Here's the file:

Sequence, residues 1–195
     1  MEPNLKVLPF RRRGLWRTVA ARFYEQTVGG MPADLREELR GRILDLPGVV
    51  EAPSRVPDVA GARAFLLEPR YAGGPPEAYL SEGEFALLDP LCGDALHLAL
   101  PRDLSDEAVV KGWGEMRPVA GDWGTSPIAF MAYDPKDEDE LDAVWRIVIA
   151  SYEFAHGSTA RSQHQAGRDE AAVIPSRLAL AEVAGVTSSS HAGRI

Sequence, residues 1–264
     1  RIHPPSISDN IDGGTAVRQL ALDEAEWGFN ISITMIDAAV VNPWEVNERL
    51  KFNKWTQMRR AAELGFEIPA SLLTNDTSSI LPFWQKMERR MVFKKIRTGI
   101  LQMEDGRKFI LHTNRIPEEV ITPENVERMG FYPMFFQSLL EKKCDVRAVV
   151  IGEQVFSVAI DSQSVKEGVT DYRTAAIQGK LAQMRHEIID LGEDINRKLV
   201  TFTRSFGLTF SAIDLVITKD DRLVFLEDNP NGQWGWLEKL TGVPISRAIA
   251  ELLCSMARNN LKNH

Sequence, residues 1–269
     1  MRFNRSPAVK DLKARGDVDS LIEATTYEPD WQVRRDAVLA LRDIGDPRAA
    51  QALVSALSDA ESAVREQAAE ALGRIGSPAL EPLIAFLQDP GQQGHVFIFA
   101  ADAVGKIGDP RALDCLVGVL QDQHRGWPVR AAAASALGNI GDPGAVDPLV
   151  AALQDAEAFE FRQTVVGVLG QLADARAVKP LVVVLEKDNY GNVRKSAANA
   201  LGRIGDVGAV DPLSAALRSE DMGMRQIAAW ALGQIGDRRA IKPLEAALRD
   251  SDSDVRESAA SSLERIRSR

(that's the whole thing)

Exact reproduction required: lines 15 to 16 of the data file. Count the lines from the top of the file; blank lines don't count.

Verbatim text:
    51  QALVSALSDA ESAVREQAAE ALGRIGSPAL EPLIAFLQDP GQQGHVFIFA
   101  ADAVGKIGDP RALDCLVGVL QDQHRGWPVR AAAASALGNI GDPGAVDPLV